“I have never felt overwhelmed by the work that concerns my projects because even after 7 years, I still enjoy drawing for myself and my audience. But in addition to creativity 'for the soul,' there are many other near-creative tasks that have to be done day after day: preparations for exhibitions, commercial projects, collaborations, preparation of materials for a future book, signing acts and contracts, etc. Sometimes it takes too long and I work seven days a week: right after my office work until the very night. Being in such a rhythm for a long time is exhausting, but these are just a few episodes, so you can say that I'm fine.”
We also asked Anton about how people reacted to his work.
“I've met a variety of reactions, some ranged from delight to hatred (who would have thought, after all, this is the internet). In this regard, the most significant thing for me is the assessment of people close to me and of people involved in the creative field. I've seen comments on Facebook where people just wrote 'sh*t' to a selection of my works. Without any arguments. I can’t take such comments as meaningful because it’s just a cry of hate for no reason.”
The creative process is not easy, but there are many enjoyable parts about it.
“To be honest, you can have fun at every stage of the creative process! For example, a great idea came to mind, did you frame it and write it down? You do that and get the release of dopamine into the body. More examples. Did you draw something exactly as you imagined, or even better? Did it turn out gracefully and succinctly? Here's some more dopamine. And lastly, did you share your work on your social networks, get the first positive responses? More happiness.”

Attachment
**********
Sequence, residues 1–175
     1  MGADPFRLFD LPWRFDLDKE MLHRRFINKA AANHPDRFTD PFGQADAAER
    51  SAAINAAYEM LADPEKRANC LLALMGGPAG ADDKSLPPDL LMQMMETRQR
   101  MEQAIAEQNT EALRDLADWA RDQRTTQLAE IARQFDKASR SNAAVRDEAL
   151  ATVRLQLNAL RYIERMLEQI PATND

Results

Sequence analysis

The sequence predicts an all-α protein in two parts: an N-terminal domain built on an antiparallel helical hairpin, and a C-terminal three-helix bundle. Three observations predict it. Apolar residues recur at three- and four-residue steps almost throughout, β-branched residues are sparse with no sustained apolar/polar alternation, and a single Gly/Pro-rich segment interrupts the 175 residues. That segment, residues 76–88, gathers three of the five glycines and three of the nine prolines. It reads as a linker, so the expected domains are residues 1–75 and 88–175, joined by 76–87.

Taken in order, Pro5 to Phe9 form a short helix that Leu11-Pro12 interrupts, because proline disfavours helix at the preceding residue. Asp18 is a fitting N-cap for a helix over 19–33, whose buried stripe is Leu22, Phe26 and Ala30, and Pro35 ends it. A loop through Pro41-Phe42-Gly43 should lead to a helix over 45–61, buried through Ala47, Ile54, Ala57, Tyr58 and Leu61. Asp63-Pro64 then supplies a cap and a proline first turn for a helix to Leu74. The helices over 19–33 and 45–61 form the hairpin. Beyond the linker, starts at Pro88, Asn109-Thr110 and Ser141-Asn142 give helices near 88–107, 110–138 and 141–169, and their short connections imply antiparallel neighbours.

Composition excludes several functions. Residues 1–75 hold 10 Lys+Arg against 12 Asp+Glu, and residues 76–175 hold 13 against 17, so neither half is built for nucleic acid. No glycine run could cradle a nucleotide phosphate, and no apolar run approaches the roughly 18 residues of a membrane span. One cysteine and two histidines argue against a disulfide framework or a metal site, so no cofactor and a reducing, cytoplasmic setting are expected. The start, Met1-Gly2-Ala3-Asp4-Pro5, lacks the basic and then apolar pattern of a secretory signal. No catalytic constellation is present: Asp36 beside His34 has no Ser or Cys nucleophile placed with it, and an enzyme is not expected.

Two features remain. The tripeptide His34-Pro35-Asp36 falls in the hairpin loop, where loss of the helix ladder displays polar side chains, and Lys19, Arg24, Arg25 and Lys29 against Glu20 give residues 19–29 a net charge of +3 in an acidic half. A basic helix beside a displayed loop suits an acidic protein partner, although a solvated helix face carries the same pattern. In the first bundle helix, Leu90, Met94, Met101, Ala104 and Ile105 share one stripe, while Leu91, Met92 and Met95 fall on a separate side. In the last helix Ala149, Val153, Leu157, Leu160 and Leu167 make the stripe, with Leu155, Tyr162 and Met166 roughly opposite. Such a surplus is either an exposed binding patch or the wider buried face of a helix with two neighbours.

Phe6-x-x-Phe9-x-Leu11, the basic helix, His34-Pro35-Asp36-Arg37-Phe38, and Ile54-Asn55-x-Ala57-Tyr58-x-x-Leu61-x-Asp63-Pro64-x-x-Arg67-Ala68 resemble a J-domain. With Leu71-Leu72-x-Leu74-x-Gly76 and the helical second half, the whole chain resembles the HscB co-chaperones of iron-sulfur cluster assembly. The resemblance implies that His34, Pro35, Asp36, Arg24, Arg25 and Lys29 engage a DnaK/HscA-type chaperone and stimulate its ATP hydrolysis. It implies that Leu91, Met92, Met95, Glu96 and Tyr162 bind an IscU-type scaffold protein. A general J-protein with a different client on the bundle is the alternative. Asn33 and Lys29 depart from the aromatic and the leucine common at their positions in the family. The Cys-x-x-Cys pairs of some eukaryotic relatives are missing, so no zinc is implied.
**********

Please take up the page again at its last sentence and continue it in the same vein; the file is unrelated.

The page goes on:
We also asked about the inspiration behind the artist's Instagram account.
“First of all, I created an account on Instagram, as there is a very large worldwide creative community there. I was interested in the opinion of people from all over the world, not only my friends or subscribers from Russia. The idea of creating the account ‘yes, but’ came to me in the bathroom a little over 2 months ago. I just realized that I have too many situations that fit this format. In order not to delve only into it, but to leave time for my 'classic' absurd drawings, I made it a separate account. Now I have two folders in my head: 'main ideas' and ideas for ‘Yes, But.’”
Digital art and art, in general, is not easy and requires a lot of patience, time, resources, and in most cases even money, therefore we wanted to know how the talented comic artist started his own career in digital art.
“Back in the days when I was growing up, social media was only forming, but didn’t have as much power as now, so there was simply nowhere to share my digital art. I shared it only with friends and classmates who knew about it.
I didn't research anything on purpose, I just did it, then noted for myself what I liked and what I didn't. Those elements that I liked, I kept and developed, and those that I didn't like, I tried not to use in the future. There is a lot of variety of art around, there is no need to look for something special, as it is everywhere. It remains only to sort it according to your personal interests.”
We also asked Anton about his newest project series which is you guess it..."Yes, but!"
“I came up with this format more than 4 years ago. Then I began to notice that many people are doing absolutely contradictory things while not seeing anything contradictory in their actions. I started off with fairly obvious manifestations, such as chasing brands or living a healthy lifestyle. Now, these drawings are not only about people who are in their individual manifestation, but also about how contradictory society itself and the structure of the world is.
By the way, I got a lot of hate for the picture about colored hair from people with colored hair. And oddly enough, I’m not against the desire of others to look the way they want, but against people who dictate how others should look.”